Enterasys Networks said late Wednesday that it has reached an accord with the U.S. Securities and Exchange Commission, settling an investigation begun in January 2002.
Enterasys also said it has filed its quarterly report for the third fiscal quarter ended Sept. 28, 2002, bringing it current with its financial reporting.
The networking hardware vendor said it expects revenue of about $120 million for the fourth quarter ended Dec. 28.
The settlement with the SEC does not require any further adjustments to Enterasys' financial statements and does not impose any civil penalties or fines, the company said.
Without admitting or denying any allegations, under the settlement, Enterasys agreed to a cease and desist order requiring future compliance with the federal securities laws and regulations, and to appoint an internal auditor reporting directly to the audit committee of Enterasys' board of directors. Enterasys confirmed that a director of internal audit was appointed in October 2002.
"We are extremely pleased to have this matter behind us," William O'Brien, Enterasys CEO, said in a statement. "This settlement effectively resolves the company's outstanding issues with the SEC, bringing closure to historical reporting matters and marking the end of a long and difficult process."
Enterasys had delayed reporting financial results and had restated prior results amid the SEC investigation and an internal review of its revenue-recognition reporting practices. The vendor first delayed reporting results for the 10-month period ended Dec. 29, 2001, after launching an internal probe in February 2002 to examine accounting irregularities related to revenue recognition.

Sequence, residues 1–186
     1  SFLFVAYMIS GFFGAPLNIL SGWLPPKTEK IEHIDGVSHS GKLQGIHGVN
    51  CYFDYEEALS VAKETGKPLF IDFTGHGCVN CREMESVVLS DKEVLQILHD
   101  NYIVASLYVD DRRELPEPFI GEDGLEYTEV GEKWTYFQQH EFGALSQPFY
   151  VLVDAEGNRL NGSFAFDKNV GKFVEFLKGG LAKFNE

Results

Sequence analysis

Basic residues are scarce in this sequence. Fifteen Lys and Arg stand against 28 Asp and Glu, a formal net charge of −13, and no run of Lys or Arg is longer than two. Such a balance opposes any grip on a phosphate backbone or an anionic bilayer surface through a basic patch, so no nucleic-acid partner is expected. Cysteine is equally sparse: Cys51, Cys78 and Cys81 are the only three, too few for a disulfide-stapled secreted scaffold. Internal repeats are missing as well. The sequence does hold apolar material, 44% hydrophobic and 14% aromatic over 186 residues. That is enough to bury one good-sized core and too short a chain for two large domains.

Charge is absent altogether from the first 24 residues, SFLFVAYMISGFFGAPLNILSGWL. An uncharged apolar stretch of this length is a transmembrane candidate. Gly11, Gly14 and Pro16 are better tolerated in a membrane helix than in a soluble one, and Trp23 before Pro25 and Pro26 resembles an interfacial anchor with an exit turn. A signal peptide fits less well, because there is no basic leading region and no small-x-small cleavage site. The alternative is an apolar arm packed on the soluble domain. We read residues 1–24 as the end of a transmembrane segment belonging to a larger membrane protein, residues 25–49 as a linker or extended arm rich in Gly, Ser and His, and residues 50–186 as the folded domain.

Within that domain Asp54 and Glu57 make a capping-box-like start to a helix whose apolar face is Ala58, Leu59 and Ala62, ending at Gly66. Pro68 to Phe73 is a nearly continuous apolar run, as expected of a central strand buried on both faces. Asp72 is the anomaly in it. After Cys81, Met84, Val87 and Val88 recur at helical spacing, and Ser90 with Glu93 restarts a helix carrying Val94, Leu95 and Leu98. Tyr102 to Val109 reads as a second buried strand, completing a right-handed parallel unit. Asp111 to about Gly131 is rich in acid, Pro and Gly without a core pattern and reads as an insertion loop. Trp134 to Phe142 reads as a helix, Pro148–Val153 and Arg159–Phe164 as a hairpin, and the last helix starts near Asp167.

In late February 2002, Enterasys terminated three senior employees in its Asia-Pacific operations in response to its internal investigation of accounting irregularities. The employees had been on administrative leave since Feb. 1, when Enterasys discovered irregularities in at least one contract, valued at $4 million, in its Asia-Pacific unit. Enterasys said that while preparing its 2001 fourth-quarter earnings report, it discovered that its independent auditor, KPMG, was provided with a version of the $4 million contract with terms that supported revenue recognition, while the vendor's own version of the contract did not contain those terms.
In April 2002, Enterasys ousted Henry Fiallo, chairman, CEO and president; J.E. Riddle, vice chairman and executive vice president of worldwide marketing; and Jerry Shanahan, COO. At the same time, the company cut 30 percent of its staff to align its cost structure with its revenue base after warning of a significant revenue drop in its first quarter. The company said it lowered its first-quarter earnings estimate because of revenue-recognition issues in the Asia-Pacific region and a comprehensive analysis of revenue recognition in its other market regions. The prolonged market slowdown and SEC investigation also contributed to the revenue decline, the company said.